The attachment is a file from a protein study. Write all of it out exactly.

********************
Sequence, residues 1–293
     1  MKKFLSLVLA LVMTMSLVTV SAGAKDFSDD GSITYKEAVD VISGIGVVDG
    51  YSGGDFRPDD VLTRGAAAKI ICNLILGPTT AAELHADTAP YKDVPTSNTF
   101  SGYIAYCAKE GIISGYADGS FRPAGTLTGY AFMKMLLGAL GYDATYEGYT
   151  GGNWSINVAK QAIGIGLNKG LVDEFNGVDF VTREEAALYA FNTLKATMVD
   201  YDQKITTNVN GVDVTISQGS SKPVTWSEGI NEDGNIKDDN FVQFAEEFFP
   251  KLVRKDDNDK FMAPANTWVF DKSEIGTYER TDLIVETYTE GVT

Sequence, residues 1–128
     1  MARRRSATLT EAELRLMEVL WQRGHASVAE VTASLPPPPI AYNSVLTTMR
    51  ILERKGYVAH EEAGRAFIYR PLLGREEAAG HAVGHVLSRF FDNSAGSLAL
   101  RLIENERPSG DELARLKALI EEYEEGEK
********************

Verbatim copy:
Sequence, residues 1–293
     1  MKKFLSLVLA LVMTMSLVTV SAGAKDFSDD GSITYKEAVD VISGIGVVDG
    51  YSGGDFRPDD VLTRGAAAKI ICNLILGPTT AAELHADTAP YKDVPTSNTF
   101  SGYIAYCAKE GIISGYADGS FRPAGTLTGY AFMKMLLGAL GYDATYEGYT
   151  GGNWSINVAK QAIGIGLNKG LVDEFNGVDF VTREEAALYA FNTLKATMVD
   201  YDQKITTNVN GVDVTISQGS SKPVTWSEGI NEDGNIKDDN FVQFAEEFFP
   251  KLVRKDDNDK FMAPANTWVF DKSEIGTYER TDLIVETYTE GVT

Sequence, residues 1–128
     1  MARRRSATLT EAELRLMEVL WQRGHASVAE VTASLPPPPI AYNSVLTTMR
    51  ILERKGYVAH EEAGRAFIYR PLLGREEAAG HAVGHVLSRF FDNSAGSLAL
   101  RLIENERPSG DELARLKALI EEYEEGEK